The downtrend in new global coronavirus cases stalled over the last week due largely to a slight increase in cases in Europe and a stalling in the decline in the US and Canada.

Source: ourworldindata.org, AMP Capital
Source: ourworldindata.org, AMP Capital

Vaccine news remains positive. Various studies out of the UK and Israel confirm that the vaccines (with most results around the Pfizer vaccine) are highly effective in reducing infection, hospitalisation and deaths and in preventing transmission from vaccinated people. And this is even after a single dose. Vaccine supply is also starting to ramp up. More than half of Israel’s population has now received one dose of vaccine, 27% in the UK and 14% in the US. Consistent with this Israel is now seeing a sharp decline in new cases. Europe is lagging but likely to start speeding up as vaccine production accelerates. Our view remains that the US will reach herd immunity around mid-year, most developed countries including Australia will reach it by the December quarter with most emerging countries in the first half next year.  

Source: ourworldindata.org, AMP Capital
Source: ourworldindata.org, AMP Capital
Source: ourworldindata.org, AMP Capital
Source: ourworldindata.org, AMP Capital

New coronavirus cases remain very low in Australia. Vaccination is starting up, but at 0.1% of the population is too low to include in the above chart.

Our Australian Economic Activity Tracker dipped a bit further over the last week largely reflecting Victoria’s snap lockdown, but it remains relatively strong and is likely to resume its upswing as the lockdown is over and restrictions are being further eased. Our US Economic Activity Tracker surprisingly fell and our European Economic Activity Tracker rose slightly again over the last week but remains very weak.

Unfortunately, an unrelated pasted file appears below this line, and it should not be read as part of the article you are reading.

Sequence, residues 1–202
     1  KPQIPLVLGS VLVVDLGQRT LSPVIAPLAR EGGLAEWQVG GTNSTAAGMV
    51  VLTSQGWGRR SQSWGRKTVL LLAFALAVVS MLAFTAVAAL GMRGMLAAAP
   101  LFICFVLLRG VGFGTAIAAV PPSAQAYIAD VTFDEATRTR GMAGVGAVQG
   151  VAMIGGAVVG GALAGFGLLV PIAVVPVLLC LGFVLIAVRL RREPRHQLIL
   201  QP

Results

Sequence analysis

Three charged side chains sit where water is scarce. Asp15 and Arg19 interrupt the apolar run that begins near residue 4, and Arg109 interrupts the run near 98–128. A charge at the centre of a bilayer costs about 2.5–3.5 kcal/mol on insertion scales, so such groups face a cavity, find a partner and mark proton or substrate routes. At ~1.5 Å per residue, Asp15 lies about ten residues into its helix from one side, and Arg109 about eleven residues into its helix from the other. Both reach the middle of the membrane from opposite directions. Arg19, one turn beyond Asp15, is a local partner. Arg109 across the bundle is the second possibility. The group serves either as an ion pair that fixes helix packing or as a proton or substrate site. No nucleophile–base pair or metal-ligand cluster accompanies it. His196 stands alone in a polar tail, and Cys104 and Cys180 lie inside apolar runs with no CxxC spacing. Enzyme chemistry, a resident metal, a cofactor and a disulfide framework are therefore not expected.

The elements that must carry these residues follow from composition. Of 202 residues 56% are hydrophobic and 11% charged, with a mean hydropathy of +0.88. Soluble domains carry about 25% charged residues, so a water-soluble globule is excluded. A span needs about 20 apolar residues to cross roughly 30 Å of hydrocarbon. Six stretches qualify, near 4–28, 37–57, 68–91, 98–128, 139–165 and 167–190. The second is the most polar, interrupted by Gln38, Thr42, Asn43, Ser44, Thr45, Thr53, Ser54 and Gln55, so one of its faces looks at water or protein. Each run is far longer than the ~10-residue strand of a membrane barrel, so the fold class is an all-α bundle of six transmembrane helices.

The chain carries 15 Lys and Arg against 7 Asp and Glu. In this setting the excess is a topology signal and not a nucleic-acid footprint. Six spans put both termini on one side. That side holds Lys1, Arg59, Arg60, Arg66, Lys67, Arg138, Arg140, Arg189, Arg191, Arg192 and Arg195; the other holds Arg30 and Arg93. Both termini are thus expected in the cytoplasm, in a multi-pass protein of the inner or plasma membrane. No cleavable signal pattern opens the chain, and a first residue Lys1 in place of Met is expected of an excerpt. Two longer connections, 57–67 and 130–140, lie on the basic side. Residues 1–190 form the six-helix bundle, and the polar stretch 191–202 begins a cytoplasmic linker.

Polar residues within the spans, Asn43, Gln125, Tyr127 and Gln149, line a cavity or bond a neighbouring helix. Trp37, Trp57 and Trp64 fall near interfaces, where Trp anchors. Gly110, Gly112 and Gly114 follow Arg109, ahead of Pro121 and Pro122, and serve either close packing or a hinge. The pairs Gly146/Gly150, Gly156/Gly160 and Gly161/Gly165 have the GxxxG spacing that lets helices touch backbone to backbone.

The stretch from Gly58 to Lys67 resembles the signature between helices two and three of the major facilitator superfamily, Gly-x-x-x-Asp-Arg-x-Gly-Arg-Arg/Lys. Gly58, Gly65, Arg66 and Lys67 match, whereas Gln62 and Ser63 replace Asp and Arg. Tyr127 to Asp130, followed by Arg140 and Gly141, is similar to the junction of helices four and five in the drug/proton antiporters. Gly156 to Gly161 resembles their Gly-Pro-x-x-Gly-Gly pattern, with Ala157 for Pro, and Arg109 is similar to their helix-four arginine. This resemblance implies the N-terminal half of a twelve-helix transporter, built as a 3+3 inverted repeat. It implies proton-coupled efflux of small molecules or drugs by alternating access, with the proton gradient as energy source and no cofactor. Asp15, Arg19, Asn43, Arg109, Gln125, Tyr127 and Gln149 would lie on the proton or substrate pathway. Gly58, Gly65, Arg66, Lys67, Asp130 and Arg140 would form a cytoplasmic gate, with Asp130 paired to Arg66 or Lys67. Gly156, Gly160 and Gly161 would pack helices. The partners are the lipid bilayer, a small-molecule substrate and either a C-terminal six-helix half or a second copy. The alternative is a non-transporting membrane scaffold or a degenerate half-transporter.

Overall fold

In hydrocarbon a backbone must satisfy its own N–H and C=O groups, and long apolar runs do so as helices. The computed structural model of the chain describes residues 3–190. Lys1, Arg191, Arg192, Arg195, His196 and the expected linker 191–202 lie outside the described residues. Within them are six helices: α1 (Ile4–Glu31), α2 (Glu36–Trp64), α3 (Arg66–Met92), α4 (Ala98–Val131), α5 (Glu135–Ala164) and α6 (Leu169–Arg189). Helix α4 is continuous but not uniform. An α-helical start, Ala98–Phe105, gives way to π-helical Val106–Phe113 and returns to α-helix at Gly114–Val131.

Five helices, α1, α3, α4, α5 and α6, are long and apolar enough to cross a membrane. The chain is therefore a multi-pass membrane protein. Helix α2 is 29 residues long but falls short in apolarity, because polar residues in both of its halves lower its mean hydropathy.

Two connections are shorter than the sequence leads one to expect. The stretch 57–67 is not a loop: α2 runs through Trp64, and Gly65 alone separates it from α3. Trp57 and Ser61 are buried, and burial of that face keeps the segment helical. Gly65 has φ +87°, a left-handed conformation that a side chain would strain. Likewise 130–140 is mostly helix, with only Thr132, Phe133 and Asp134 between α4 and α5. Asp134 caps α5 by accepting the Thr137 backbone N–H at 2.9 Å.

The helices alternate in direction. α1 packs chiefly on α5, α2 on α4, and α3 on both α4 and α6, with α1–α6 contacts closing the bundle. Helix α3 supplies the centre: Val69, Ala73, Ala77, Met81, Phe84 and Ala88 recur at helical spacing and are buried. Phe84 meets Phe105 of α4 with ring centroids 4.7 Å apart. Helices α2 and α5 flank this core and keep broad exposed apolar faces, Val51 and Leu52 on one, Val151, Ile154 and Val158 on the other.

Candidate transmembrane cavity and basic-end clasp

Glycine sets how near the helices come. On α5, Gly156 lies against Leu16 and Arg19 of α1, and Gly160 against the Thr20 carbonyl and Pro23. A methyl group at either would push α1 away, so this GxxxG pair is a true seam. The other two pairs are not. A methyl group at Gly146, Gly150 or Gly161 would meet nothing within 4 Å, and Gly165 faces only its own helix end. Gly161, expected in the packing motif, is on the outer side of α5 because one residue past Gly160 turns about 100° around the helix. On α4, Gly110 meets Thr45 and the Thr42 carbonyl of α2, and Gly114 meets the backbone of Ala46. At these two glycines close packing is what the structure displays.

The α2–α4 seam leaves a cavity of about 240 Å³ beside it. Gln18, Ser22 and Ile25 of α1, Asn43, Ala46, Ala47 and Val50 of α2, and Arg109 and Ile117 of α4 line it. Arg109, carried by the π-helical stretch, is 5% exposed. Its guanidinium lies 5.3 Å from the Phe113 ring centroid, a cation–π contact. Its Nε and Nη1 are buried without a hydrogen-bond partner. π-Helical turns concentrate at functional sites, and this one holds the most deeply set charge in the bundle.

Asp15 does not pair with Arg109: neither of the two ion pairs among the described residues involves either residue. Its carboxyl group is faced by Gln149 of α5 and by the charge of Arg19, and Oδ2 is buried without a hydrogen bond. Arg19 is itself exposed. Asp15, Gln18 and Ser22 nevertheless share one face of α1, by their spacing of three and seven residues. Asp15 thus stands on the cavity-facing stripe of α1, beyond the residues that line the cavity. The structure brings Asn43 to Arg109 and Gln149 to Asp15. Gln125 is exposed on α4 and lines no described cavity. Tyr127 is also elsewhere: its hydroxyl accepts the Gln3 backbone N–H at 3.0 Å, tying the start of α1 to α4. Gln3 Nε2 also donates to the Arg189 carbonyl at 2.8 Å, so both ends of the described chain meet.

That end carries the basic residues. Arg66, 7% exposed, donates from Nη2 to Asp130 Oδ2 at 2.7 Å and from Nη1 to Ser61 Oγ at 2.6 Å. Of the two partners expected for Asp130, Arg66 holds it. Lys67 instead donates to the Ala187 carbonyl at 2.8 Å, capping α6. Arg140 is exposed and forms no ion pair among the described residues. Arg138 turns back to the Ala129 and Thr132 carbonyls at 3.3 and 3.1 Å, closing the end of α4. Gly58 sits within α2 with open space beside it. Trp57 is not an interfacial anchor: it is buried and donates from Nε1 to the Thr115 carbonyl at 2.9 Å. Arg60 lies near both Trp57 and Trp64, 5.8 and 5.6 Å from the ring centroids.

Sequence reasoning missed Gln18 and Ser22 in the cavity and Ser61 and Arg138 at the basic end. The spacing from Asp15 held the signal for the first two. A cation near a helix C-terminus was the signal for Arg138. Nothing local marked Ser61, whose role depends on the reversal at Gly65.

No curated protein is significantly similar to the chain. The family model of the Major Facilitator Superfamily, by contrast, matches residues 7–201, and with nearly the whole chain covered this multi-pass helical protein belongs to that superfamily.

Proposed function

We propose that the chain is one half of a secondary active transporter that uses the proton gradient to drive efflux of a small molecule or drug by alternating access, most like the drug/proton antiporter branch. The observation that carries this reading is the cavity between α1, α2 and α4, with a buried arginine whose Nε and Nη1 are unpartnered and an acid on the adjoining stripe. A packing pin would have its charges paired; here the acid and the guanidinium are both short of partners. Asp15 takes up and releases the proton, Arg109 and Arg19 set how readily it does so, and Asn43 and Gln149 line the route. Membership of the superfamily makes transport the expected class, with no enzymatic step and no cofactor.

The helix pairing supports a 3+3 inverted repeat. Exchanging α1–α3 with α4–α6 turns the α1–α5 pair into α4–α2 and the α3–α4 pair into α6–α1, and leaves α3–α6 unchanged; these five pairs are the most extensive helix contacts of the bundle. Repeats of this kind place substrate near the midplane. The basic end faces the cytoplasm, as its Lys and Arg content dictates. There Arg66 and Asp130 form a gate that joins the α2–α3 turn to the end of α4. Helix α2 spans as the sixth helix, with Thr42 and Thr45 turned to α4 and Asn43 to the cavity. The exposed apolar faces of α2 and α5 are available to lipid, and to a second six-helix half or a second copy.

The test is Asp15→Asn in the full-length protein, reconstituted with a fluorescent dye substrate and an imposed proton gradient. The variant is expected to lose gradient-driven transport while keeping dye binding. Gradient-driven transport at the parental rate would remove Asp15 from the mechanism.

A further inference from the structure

Based on weekly data for eg job ads, restaurant bookings, confidence, mobility, credit & debt card transactions, retail foot traffic, hotel bookings. Source: AMP Capital
Based on weekly data for eg job ads, restaurant bookings, confidence, mobility, credit & debt card transactions, retail foot traffic, hotel bookings. Source: AMP Capital

One of the best bits in the 2019 film Yesterday was when the Himesh Patel character, Jack Malik, “comes up” with Something on the James Corden show. Unfortunately it never made the final cut of the film because a subplot involving a whole character was removed from the film but it was in the trailer and I thought it was super clever and waited in anticipation through the whole film to see it but to no avail! Anyway Something is one of the best songs ever with George Harrison performing it brilliantly in Japan in 1991 and Elvis taking it beautifully over the top in Hawaii in 1973.

Major global economic events and implications

US data was mostly robust, with strong gains in personal spending, new home sales, house prices and durable goods orders, and a rise in consumer confidence and a fall in initial jobless claims. Personal income rose 10% in January on the back of the $600 stimulus checks and spending rose 2.5%, but the saving rate surged again to 20.5%, pointing to strong spending ahead. Pending home sales fell though and new mortgage applications have turned down, possibly reflecting the impact of higher mortgage rates. Core personal consumption inflation rose to 1.5% year-on-year but excluding a rise in Medicare payments was very weak, at just 0.07% month-on-month. Base effects will see it rise above 2% year-on-year in the months ahead.